A Case of Cervical Lymph Node Tuberculosis in a health care worker: An Emergency Department diagnostic and administrative challenge
Dr Abdullah Al Farook
A 35 year old male health care worker came to the Emergency Department with complaints of painful and tender left supraclavicular swelling. He did not have fever, chills, night sweats and weight loss. He had no stated history of pulmonary tuberculosis or gastric cancer, but he was administered BCG vaccine as a child. He also had no history of prior exposure to a TB infected person. On physical exam he had a 3X4cm² tender, red, fluctuant swelling in his left supraclavicular area with no tonsillar or other neck lymph node enlargement. The rest of his physical examination was unremarkable.
His treatment was started on oral Cotrimoxazol and Clindamycin therapy assuming bacterial infection and a PPD (Purified Protein Derivative) was placed. Two days later PPD was read as positive (>20mm) and Chest X-Ray was negative. USG guided FNA and biopsy of the lymph node showed acute inflammatory exudates, suggestive of acute lymphadenitis. Incision and drainage of the abscess was done at the Emergency Department with follow up appointments. Three weeks later his culture report became positive for Mycobacterium Tuberculosis. He was isolated from the hospital work place and treatment started on DOTS (Directly Observed Treatment Short course) and followed at a local TB Clinic. For him to be infection free, his sputum had to be negative for AFB smears three times both at TB Clinic and at his hospital before he was allowed to return to his work after a period of one month.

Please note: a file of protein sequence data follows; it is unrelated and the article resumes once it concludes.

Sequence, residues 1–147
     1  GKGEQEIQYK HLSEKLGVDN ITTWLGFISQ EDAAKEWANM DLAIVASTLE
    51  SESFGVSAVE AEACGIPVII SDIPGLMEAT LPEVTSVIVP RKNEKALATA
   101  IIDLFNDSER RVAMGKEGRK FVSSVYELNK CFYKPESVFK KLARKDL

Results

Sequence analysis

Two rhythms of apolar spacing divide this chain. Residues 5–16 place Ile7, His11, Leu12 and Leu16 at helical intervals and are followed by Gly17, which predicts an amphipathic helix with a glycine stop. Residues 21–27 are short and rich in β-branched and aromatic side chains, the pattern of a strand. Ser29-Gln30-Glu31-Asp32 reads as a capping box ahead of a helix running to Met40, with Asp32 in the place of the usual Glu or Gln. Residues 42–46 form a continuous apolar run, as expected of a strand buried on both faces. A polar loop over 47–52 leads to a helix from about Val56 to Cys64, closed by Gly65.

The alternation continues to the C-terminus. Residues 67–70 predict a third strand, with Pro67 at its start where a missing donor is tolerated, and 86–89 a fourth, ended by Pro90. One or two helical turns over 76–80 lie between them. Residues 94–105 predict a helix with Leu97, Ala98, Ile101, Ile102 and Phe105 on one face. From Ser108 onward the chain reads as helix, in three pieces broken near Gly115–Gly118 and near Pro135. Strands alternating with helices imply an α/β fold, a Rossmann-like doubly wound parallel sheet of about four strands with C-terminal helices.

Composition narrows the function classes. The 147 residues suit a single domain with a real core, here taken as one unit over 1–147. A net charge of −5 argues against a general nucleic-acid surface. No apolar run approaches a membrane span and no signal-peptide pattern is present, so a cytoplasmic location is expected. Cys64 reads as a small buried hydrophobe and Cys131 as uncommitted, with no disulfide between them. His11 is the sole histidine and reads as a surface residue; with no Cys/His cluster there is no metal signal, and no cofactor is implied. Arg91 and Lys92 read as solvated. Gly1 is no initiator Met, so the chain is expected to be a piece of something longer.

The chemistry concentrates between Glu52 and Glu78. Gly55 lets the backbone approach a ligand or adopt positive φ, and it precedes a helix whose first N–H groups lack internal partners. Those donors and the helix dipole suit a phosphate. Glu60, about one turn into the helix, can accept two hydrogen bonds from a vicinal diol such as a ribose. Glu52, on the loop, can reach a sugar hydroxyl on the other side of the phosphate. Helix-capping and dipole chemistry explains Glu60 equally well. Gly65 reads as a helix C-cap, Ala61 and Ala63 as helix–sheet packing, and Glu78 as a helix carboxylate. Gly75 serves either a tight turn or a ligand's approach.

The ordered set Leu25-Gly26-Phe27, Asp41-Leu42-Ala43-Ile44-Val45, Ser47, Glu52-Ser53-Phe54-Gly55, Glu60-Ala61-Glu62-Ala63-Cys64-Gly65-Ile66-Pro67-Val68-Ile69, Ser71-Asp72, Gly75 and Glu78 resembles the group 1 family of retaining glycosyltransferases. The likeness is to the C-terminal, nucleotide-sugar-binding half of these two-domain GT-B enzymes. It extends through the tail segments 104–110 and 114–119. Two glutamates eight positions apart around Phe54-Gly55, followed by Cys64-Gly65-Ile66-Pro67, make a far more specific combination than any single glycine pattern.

Tuberculous cervical lymphadenitis is the commonest presentation of tuberculous infection. It is a diagnostic challenge because it can mimic any other disease of cervical lymph nodes. So, constitutional symptoms and Chest X-Ray are not always positive to help us to diagnose a lymph node TB. A high index of clinical suspicion is required to guide through the differentials.
Original article was presented as a poster at Louisiana State University, University Hospital, New Orleans, USA. Oral presentation was done at South East Society of Academic Emergency Medicine conference, University of Alabama.